President Donald Trump and North Korean leader Kim Jong Un are in place ahead of their second summit on Wednesday to address perhaps the world’s biggest security challenge.
Mr Kim’s pursuit of a nuclear programme that stands on the verge of viably threatening targets around the planet will be central to discussions in Vietnam that will build on last year’s encounter in Singapore.
Mr Trump arrived late on Tuesday in Air Force One after a long flight that included refuelling stops in the UK and Qatar.
He waved from the stairs of the presidential plane, then shook hands with dignitaries and walked along a red carpet to his motorcade.
Mr Kim arrived in Hanoi earlier and spent the day travelling around the Vietnamese capital in his armoured limousine, his squad of bodyguards in tow as he visited the North Korean Embassy, with hundreds of visiting journalists and thousands of local citizens following in his wake.
He took a train through southern China and then travelled to Hanoi by car from a Vietnamese border town.
The two leaders are slated to meet over two days, first at dinner on Wednesday followed by meetings on Thursday.
They first met last June in Singapore, a summit that was long on historic pageantry but short in any enforceable agreements for North Korea to give up its nuclear arsenal.
Mr Trump has praised Pyongyang for ceasing middle tests and has appeared to ease up on demanding a timeline for disarmament.
Mr Kim is expected to ask for relief from crushing US sanctions.
But before the summit began, Mr Kim took some time to venture out of his locked-down hotel and check out parts of Hanoi, including his nation’s embassy, where a loud cheer went up as he entered the compound.
Soldiers, police and international journalists thronged the streets outside Hanoi’s Melia Hotel where Mr Kim is staying, and hundreds of eager citizens stood behind barricades hoping to see the North Korean leader.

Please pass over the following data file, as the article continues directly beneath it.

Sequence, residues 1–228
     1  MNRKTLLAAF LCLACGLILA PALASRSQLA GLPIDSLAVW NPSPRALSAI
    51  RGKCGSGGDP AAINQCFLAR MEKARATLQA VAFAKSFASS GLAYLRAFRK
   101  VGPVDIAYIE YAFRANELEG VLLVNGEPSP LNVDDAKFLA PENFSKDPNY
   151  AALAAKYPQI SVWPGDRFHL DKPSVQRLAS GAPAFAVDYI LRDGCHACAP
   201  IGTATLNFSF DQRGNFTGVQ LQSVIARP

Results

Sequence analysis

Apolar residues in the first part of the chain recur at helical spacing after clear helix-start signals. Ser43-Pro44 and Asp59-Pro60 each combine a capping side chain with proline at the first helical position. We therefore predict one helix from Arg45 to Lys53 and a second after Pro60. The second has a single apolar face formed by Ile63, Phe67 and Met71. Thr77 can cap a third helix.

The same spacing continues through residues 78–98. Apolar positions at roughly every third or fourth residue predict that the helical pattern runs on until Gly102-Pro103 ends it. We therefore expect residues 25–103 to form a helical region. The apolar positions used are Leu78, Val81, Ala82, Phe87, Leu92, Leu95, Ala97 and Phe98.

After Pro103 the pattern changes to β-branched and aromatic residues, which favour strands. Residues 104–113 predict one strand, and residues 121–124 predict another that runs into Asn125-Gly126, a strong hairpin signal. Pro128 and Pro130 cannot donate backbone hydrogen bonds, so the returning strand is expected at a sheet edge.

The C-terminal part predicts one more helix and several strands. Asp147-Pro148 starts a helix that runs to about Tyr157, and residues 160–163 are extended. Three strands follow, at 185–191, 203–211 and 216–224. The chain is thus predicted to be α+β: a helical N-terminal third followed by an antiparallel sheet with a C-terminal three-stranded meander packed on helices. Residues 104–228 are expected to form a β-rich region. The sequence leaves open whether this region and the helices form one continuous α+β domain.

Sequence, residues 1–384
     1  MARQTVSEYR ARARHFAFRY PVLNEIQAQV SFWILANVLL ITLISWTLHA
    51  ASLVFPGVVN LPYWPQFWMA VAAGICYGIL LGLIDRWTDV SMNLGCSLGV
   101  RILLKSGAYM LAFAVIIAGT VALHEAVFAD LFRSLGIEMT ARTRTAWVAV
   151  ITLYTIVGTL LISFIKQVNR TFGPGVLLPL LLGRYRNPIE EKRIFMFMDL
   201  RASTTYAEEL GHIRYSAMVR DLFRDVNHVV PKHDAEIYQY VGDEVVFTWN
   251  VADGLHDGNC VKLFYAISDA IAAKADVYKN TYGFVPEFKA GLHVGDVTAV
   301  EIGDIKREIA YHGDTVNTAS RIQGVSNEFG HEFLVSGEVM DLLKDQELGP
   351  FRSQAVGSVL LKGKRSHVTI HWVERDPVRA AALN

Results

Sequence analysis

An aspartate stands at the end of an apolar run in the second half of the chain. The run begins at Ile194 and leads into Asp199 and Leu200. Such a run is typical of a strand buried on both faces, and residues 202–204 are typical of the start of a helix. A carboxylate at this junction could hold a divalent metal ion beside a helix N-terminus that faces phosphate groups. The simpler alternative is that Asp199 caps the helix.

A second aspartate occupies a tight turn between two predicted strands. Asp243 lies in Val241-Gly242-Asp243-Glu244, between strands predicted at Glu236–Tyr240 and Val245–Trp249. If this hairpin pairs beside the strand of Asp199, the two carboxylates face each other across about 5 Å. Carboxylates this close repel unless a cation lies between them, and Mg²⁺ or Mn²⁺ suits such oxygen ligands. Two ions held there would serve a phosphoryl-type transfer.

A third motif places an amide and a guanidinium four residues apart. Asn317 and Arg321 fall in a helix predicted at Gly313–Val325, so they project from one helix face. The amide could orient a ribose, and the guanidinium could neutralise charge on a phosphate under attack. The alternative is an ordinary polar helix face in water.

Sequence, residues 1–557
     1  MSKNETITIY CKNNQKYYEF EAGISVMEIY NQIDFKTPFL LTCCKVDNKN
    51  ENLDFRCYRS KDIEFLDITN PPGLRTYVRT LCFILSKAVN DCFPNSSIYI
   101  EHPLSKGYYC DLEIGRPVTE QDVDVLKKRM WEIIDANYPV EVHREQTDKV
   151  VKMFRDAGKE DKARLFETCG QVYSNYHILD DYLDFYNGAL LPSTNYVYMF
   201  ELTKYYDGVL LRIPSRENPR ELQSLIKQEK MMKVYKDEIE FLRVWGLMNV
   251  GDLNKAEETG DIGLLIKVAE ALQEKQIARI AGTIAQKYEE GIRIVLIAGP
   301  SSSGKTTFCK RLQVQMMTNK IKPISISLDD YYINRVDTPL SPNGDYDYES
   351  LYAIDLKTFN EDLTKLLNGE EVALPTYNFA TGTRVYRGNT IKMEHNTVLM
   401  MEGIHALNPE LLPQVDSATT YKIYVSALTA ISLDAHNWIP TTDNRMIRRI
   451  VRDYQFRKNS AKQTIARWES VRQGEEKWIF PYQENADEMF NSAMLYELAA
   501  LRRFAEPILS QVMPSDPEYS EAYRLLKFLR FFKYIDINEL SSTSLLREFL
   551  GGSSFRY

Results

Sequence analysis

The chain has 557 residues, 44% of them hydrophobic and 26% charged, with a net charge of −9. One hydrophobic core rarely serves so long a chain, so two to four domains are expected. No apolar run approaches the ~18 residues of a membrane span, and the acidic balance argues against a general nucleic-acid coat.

As Vietnamese, North Korean and US flags fluttered in a cold drizzle, dozens of cameras flashed and some citizens screamed and used their mobile phones to capture Mr Kim’s rock-star-like arrival.
“I like him,” local resident Van Dang Luu, who works at a nearby bank, said of Mr Kim.
“He is very young and he is very interesting. And he is very powerful,” she said.
“Trump is not young, but I think he is very powerful.”
Vietnam’s authoritarian leaders set up a huge security apparatus to welcome Mr Kim, shutting long stretches of road and locking down swaths of the bustling capital city.
Earlier in the morning, Mr Kim, grinning broadly and waving, stepped off his armoured train at the end of a long ride that started in Pyongyang and wound through China to the Vietnamese border.
He shook hands with officials as Vietnamese troops in crisp, white uniforms and black boots stood at attention on a red carpet at the Dong Dang railway station on the China-Vietnam border.
Hours ahead of his border crossing, footage from Japanese TV network TBS showed Mr Kim taking a pre-dawn smoke break at a railway station in China, a woman who appeared to be his sister, Kim Yo Jong, holding a crystal ashtray at the ready.
Although many experts are sceptical Mr Kim will give up the nuclear weapons he likely sees as his best guarantee of continued rule, there was a palpable, carnival-like excitement among many in Hanoi as the final preparations were made for the meeting.
There were also huge traffic jams in the already congested streets.
Vietnam is eager to show off its huge economic and development improvements since the destruction of the Vietnam War, but the country also tolerates no dissent and is able to provide the kind of firm hand not allowed by more democratic potential hosts.
“I really hope to catch a glimpse of Kim Jong Un. He is an interesting man. And he rarely travels anywhere so it would be great to see him here,” said Nguyen Trong Toan, a retired teacher who was waiting by the side of the street on Kim’s expected travel route.
There are high expectations for the Hanoi summit after a vague declaration at the first meeting in June in Singapore that disappointed many.
Mr Trump, via Twitter, has worked to temper those expectations, predicting before leaving for Hanoi a “continuation of the progress” made in Singapore but adding a tantalising nod to “denuclearisation?”
He also said that Mr Kim knows that “without nuclear weapons, his country could fast become one of the great economic powers anywhere in the world”.
North Korea has spent decades, at great political and economic sacrifice, building its nuclear programme, and there is widespread scepticism among experts that it will give away that programme cheaply.